According to the US Congressional Research Service, in the three decades since the Cold War ended, the US has used its armed forces abroad every year. In particular, it has squandered an immense amount of blood and treasure in two major wars in Afghanistan and Iraq.
Elsewhere, America’s new geopolitical orientation will force countries that have until now counted on US protection and support to learn to fend for themselves.
For example, some Middle Eastern countries have sought to rebuild ties and foster peace in preparation for American disengagement: Relations between some Gulf states and Israel have improved dramatically in recent years.
In Europe, “strategic autonomy” may be mostly rhetoric for now. But as the US makes it increasingly clear to its European allies that the region is a secondary priority, they will have to turn their rhetoric into action.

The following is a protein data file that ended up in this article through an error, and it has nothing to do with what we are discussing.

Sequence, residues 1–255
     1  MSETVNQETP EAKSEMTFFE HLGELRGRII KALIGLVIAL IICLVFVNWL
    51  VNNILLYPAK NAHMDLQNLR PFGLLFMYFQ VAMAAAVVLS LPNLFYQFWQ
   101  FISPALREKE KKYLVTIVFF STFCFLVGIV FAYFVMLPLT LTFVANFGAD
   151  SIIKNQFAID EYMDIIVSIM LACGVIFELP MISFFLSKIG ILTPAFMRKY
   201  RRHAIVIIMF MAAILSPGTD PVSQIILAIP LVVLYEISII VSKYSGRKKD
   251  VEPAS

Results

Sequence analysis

Former US Secretary of State Madeleine Albright once claimed that the US is the world’s “indispensable nation.” That description has arguably been true for most of the post-Cold War era.
But in the age of the US-China cold war, America may be the indispensable power for East Asia, but not for other regions. As this new reality takes hold, the rest of the world will have no choice but to adapt. That could lead to more military conflict, but it could also lead to more peace.
Minxin Pei, Professor of Government at Claremont McKenna College, is a non-resident senior fellow at the German Marshall Fund of the United States. PROJECT SYNDICATE.